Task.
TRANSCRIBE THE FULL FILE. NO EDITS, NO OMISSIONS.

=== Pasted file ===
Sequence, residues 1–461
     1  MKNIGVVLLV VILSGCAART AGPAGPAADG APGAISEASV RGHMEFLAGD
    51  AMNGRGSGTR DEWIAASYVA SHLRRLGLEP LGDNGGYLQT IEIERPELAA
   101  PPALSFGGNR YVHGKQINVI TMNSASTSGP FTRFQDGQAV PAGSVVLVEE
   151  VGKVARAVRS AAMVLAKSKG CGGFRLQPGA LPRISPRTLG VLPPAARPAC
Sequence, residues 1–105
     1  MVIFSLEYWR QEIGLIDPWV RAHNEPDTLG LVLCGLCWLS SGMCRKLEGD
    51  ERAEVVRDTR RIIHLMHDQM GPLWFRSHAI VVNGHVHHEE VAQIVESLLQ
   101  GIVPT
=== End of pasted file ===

Sequence, residues 1–461
     1  MKNIGVVLLV VILSGCAART AGPAGPAADG APGAISEASV RGHMEFLAGD
    51  AMNGRGSGTR DEWIAASYVA SHLRRLGLEP LGDNGGYLQT IEIERPELAA
   101  PPALSFGGNR YVHGKQINVI TMNSASTSGP FTRFQDGQAV PAGSVVLVEE
   151  VGKVARAVRS AAMVLAKSKG CGGFRLQPGA LPRISPRTLG VLPPAARPAC
Sequence, residues 1–105
     1  MVIFSLEYWR QEIGLIDPWV RAHNEPDTLG LVLCGLCWLS SGMCRKLEGD
    51  ERAEVVRDTR RIIHLMHDQM GPLWFRSHAI VVNGHVHHEE VAQIVESLLQ
   101  GIVPT